I've begun week 2, of the Palouse Mindfulness Course and have taken a real liking to this week's daily assignments—one is to do a sitting meditation, which is different from the body scan meditation of last week, and the second assignment is to notice—once a day—how we experience a pleasant experience.
I've practiced sitting meditation for years, and it was only when I committed to using HeadSpace for almost a full year, that I discovered why people meditate regularly—it really changes the way you deal and perceive generalized anxiety. For me, it helped me with the skill that I call making space or "holding pain like a baby".
The concept of making space first came to me from a therapist I had over 10 years ago. He was also the first person to introduce me to ACT, a type of therapy that is a little more philosophical and deeper than CBT. It is some really heady stuff but what I liked about this therapist is that he boiled down the concepts to two major points that I have used ever since: The first, I have written about previously, which is a concept I call "walking towards your values". This is the idea that when faced with a lot of anxiety about a decision, you choose the thing that is in line with what you value, in your core. So, if you are trying to decide if you should continue to have a relationship with your father even though it is fraught with misunderstanding and poor communication you have to ask yourself what do I value in this situation? Do I value my relationship, even though it is difficult, with my father more than I value not having him in my life? If the answer is that you value the relationship more, then you can begin to figure out how to walk towards that value you in the least distressing way, in a way that doesn't then infringe on the value you have about your own well being or mental health. So that could mean I will maintain a relationship with my father but one with boundaries (ie. I will call on holidays and birthdays and visit once or twice a year). Walking towards your values has helped me make a lot of very big decisions in my life, around work and home-life, decisions that I can look back on and feel very good about, even though, in the moment working through the kinks of the decision may have been painful. In the example with the father, creating those boundaries can be emotionally difficult as unnecessary and unwarranted guilt may rise up...now here is where the making space or holding your pain like a baby comes into play. That guilt that you feel isn't due to actually having done something wrong or immoral, which is what guilt is for (and we misuse the term all the time for when what we really feel is simply bad about something). So this guilt is simply just emotional discomfort or even pain and therefore there is nothing to "do" with it...except let it be...allow...our tendency is to struggle with emotional pain—try to avoid or get rid of it. Instead, ACT (and Mindfulness) invites us to DO NOTHING and I think of this as hold the pain like you would a baby—with care, support, gentleness, and love.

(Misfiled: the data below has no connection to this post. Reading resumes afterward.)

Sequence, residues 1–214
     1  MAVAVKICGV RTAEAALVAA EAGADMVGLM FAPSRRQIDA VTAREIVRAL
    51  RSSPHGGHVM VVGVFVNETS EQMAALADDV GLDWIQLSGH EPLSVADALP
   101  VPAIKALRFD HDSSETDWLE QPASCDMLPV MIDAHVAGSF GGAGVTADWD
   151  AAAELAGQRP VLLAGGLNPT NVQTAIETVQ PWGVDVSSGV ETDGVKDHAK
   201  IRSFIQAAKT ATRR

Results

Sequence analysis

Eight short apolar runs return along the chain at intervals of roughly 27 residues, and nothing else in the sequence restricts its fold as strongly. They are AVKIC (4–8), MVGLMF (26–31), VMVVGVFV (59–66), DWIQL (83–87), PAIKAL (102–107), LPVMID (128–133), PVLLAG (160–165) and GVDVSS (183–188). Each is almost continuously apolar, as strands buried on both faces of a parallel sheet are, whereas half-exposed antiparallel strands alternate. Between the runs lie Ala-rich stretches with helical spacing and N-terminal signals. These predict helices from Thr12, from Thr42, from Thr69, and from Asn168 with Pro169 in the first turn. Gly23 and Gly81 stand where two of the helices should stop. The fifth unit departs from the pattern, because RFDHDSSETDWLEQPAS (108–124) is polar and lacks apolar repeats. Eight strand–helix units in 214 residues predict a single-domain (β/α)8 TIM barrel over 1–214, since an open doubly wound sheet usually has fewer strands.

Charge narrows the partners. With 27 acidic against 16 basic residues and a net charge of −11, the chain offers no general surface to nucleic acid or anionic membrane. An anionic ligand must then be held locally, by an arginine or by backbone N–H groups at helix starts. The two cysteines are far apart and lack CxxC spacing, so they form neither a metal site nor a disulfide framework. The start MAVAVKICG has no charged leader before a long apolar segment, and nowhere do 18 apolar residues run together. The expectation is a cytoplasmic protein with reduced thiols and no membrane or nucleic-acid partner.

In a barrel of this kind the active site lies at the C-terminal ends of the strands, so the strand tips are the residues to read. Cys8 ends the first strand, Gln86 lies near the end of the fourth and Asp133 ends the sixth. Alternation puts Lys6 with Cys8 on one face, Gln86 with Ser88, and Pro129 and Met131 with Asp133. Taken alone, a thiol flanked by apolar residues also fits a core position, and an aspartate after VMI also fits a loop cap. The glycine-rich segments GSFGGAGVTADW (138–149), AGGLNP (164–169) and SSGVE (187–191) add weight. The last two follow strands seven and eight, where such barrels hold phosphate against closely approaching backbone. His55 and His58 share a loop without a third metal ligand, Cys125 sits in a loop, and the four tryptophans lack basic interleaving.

The sitting meditation is an opportunity for us to do just that: as feelings of discomfort arise, hold it and be with it, as you would a tiny baby.
On day 10 (today), I am spending it off from work and simply doing the Mindfulness homework (which I can incorporate with the chores and tasks of the day). As I notice both the pleasant experiences and log them, I allow also for any discomfort and I don't do anything but treat it with care and kindness. It reduces struggle and, best of all, anxiety.
This is not a cure-all. It's a way to live with, and not against, the mental stuff we all deal with at various times of the day.
In that, my pleasant experiences are these tiny moments where I have rested into Mindfulness, whether it's noticing the breeze coming in through the window of my office and how it softly brushes my arms or kissing my daughters good morning and noticing how soft and still-newish their skin is.
So far, this course is giving me much more than I hope or expected...probably because I just went in with an open heart.